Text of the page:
One of the founders of the Dallas Mavericks is suing a former officer of the failed Tennessee Commerce Bank, saying the latter was negligent in handling $5.6 million used to help build a luxury yacht.
In a suit filed in U.S. District Court, Don Carter says Doug Rogers did not disclose to him that Tennessee Commerce had negotiated away its first-lien position on a loan participation arrangement with Carter just weeks after signing the deal. Rogers, 61, is a former Commerce Union, First American and Bank of America lender who had joined Tennessee Commerce in 2005 and was in early 2009 named senior vice president and leader of the bank's national and small-ticket lending divisions.
Carter, who a month ago also sued Tennessee Commerce executives over losses he sustained as a shareholder, says he agreed in May 2007 to fund a $7.5 million revolving credit line that also included Tampa-based Lazzara Yacht Corp. The complaint — view it here — also says Rogers in early August of that year negotiated an intercreditor agreement with Volvo Financial Services that transferred the first lien on collateral in Carter's deal to Volvo — without telling Carter. The Texas businessman eventually pumped $5.6 million into his Tennessee Commerce relationship and says he is out almost $3.9 million since Volvo last fall seized the Lazzara LSX 92 yacht he helped fund.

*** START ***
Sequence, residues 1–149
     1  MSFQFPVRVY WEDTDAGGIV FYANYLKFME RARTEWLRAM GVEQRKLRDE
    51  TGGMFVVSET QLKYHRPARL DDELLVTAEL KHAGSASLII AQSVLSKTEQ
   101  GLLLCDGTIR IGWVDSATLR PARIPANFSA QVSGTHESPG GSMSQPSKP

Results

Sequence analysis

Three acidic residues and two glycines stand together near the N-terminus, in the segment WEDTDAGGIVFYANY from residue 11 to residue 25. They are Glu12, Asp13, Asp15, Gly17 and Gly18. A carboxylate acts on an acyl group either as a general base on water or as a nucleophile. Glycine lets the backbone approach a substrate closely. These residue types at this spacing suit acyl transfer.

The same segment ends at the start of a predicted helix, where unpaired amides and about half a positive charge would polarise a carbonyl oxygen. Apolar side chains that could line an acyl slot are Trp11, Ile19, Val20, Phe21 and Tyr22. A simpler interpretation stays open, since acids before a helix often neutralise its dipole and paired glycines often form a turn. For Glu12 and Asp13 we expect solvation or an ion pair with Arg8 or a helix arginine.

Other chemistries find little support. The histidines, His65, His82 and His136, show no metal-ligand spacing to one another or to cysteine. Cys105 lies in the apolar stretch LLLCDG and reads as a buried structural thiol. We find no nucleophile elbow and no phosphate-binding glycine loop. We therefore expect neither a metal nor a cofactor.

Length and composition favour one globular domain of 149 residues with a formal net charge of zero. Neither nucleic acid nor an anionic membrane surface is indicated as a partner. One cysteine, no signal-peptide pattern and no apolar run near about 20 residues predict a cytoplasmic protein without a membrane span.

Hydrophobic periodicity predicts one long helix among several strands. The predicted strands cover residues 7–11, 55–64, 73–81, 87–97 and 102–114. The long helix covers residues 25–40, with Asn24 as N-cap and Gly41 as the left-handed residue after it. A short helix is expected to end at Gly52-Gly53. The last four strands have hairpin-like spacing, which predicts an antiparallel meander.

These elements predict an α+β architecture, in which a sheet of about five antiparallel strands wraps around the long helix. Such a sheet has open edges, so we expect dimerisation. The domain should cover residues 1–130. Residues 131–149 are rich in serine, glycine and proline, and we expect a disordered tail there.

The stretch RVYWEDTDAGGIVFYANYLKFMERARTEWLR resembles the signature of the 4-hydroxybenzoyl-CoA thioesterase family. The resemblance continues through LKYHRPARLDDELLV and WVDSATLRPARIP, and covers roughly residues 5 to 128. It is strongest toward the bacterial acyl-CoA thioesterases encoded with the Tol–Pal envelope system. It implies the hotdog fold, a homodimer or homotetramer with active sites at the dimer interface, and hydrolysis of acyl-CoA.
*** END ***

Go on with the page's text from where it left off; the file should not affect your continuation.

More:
"[Rogers'] representatons were pivotal to Mr. Carter when he decided to executive the Participation Agreement," the suit says. "In addition, Mr. Carter would not have funded his portion of the Lazzara draw requests [...] if he knew that Rogers' representations were untrue."
Rogers was traveling Tuesday and could not be reached for comment. Carter, who is calling for a jury trial, is being represented locally by David Randolph Smith and out of Dallas by Steven DeWolf and Todd Hixon of Bellinger & DeWolf LLP.